Marc Dollinger to endowed Goldman Chair
in Jewish Studies and Social Responsibility
SAN FRANCISCO, June 27, 2002 -- Jewish history and ethics scholar Marc Dollinger will fill the Richard and Rhoda Goldman Chair in Jewish Studies and Social Responsibility at San Francisco State University beginning Aug. 19.
Dollinger, an associate professor of history at Pasadena City College, recently accepted the position in the SFSU Jewish Studies Program. His appointment was made possible by a $1 million gift from the San Francisco-based Richard and Rhoda Goldman Fund in 1997, at the time the largest donation in the University's history.
"I am delighted to announce that Marc Dollinger has accepted our offer to fill the endowed Goldman Chair in Jewish Studies and Social Responsibility," SFSU President Robert A. Corrigan said. "His appointment is a landmark for the Jewish Studies Program and, more broadly, the University. His expertise in various areas of Jewish studies will benefit students of all backgrounds for many years to come and make significant contributions to the overall life of our campus community."
Dollinger, 38 and a fifth-generation native San Franciscan, will focus on the teaching and research of Jewish social ethics and civic responsibility in health care, the environment, business, education and politics. He is also charged with developing a public lecture series on Jewish social ethics and responsibility.
"The Goldman Chair is the nation's first endowed chair in Jewish Studies and Social Responsibility. It creates a new academic field in a subject that is critical to understanding both the Jewish experience as well as many of the most important historical and ethical challenges of the larger world," Dollinger said. "With this appointment, I look forward to developing the chair and the Jewish Studies Program into a vibrant and exciting center for learning, teaching and community service."
He has developed, and will be teaching in the fall, a new upper-division course called Jewish Social Responsibility. His mission is to write new Jewish Studies courses to complement the modern Jewish Studies Program and, in the coming year, he will develop courses on American and California Jewish history.
The author of "Quest For Inclusion: Jews and Liberalism in Modern America," Dollinger has presented lectures across the country and published many articles in academic books and journals. He is co-editor of the book "California Jews," to be published next year, and is working on a book that explores the transformation of Jewish liberalism in the 1960s.
His areas of expertise are Jewish history of the United States and California, Jewish social responsibility, liberalism, modern Jewish identity, Jews and public policy, and separation of church and state.
"I enthusiastically look forward to working with Professor Dollinger," said SFSU Dean of Human Relations Kenneth Monteiro, who led the search committee for the endowed chair. "I find him to be a brilliant scholar. Moreover, I appreciate that he is an extremely principled individual. He clearly articulates his own position, yet is open to hear dissenting views with a conviction that he can find common ground."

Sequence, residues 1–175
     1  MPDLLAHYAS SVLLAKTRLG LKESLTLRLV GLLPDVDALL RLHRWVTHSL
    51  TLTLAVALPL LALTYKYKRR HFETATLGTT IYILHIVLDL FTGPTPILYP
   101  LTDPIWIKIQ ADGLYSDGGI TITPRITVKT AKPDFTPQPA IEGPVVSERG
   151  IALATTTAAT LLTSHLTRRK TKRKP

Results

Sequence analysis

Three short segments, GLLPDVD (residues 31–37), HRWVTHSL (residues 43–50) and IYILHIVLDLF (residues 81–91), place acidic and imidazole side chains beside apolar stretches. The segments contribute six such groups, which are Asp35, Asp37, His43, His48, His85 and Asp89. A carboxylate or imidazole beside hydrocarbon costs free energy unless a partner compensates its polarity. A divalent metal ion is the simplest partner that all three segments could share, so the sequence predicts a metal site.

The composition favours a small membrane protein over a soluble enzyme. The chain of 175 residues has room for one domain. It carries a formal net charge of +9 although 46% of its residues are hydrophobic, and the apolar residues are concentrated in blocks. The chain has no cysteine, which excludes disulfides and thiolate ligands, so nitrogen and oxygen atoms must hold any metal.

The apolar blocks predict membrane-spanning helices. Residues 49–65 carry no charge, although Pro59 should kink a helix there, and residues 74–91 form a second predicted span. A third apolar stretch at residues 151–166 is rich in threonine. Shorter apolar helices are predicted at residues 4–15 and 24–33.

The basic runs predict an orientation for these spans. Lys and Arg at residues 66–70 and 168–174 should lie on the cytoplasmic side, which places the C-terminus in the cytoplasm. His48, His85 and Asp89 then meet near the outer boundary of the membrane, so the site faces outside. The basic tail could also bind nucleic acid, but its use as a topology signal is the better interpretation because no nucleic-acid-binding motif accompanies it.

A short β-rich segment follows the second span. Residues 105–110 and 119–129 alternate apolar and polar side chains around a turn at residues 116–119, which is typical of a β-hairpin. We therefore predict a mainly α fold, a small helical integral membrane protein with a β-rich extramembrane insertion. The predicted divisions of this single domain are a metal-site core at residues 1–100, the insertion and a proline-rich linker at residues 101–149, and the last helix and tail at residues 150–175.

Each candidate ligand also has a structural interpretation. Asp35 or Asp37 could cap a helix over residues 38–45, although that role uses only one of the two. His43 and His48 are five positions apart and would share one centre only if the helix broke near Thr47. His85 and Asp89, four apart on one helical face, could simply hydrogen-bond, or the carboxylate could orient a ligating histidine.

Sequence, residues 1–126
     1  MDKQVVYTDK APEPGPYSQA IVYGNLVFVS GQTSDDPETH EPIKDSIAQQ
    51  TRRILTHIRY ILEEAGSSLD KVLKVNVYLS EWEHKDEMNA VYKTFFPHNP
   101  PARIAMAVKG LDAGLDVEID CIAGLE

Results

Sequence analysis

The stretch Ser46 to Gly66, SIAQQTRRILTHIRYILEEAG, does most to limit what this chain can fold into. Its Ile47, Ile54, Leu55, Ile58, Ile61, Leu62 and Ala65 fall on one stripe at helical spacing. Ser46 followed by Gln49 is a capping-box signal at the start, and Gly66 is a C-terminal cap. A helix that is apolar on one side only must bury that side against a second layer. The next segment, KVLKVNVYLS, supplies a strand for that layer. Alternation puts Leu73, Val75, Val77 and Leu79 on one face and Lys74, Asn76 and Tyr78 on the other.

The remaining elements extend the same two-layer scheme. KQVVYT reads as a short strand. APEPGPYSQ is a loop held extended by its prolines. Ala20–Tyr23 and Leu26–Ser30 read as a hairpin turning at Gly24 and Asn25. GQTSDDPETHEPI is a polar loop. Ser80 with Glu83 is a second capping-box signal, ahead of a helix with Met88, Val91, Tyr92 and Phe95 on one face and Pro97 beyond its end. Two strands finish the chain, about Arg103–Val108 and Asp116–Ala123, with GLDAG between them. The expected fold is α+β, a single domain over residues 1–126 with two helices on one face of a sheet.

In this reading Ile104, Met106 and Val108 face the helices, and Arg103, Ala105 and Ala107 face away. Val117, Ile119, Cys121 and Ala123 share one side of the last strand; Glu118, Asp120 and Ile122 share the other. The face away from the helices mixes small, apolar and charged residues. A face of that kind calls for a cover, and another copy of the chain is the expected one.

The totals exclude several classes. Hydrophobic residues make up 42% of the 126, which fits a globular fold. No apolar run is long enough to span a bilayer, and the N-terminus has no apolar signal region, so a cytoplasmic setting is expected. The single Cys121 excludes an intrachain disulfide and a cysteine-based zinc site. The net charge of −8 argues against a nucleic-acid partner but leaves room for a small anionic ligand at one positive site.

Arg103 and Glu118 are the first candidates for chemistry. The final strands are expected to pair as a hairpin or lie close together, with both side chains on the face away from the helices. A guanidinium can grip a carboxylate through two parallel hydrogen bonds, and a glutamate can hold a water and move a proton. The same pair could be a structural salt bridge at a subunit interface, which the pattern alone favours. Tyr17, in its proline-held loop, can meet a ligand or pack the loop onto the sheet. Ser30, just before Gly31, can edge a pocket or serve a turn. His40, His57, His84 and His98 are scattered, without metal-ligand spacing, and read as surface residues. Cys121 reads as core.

Aside from his professorship at Pasadena City College, Dollinger served a postdoctoral fellowship at the Center for the Study of Religion at Princeton University in 2000 and was an Andrew W. Mellon Postdoctoral Fellow and humanities lecturer at Bryn Mawr College in 1995. He has taught at a variety of institutions, including the Irwin Daniels Graduate School of Jewish Communal Service at the Los Angeles campus of the Hebrew Union College-Jewish Institute of Religion, UCLA, California State University Northridge and California State University Long Beach.
Dollinger earned a doctorate in history in 1993 and master's degree in history in 1989, both from UCLA. He earned a bachelor's degree in history from the University of California at Berkeley in 1986.
Dollinger, who will be a tenured professor, becomes SFSU's third endowed chair, a highly prestigious professorship created by a large donation to an institution.
Rhoda Goldman, who died in 1996, and her husband Richard established the Richard and Rhoda Goldman Fund, which has given millions of dollars in grants to environmental causes. The Goldmans also created the prestigious Goldman Environmental Prize to reward grass-roots environmentalists and the Ken Saro-Wiwa Memorial Fund at Human Rights Watch to help protect environmental activists. Richard Goldman received the honorary degree doctor of humane letters from SFSU last year.
A $375,000 National Endowment for the Humanities (NEH) grant, awarded in 1998, will create a second SFSU endowed chair in Jewish Studies when fully matched. It is the second NEH grant ever awarded to a Jewish Studies Program.
Founded in 1993, the SFSU Jewish Studies Program offers about 11 courses taken by nearly 250 students each semester. Course offerings include Good and Evil: Jewish Ethics, Yiddish Theatre, Modern Jewish History, Jewish Thought and Culture, and Israeli Democracy: Politics, Institutions and Society. A diverse group of SFSU students from many racial and ethnic backgrounds as well as others from the community, including participants in SFSU's elders programs, enroll each semester. The program offers a minor in Jewish Studies and a graduate certificate in Jewish Community Studies. A bachelor's degree will be offered soon.
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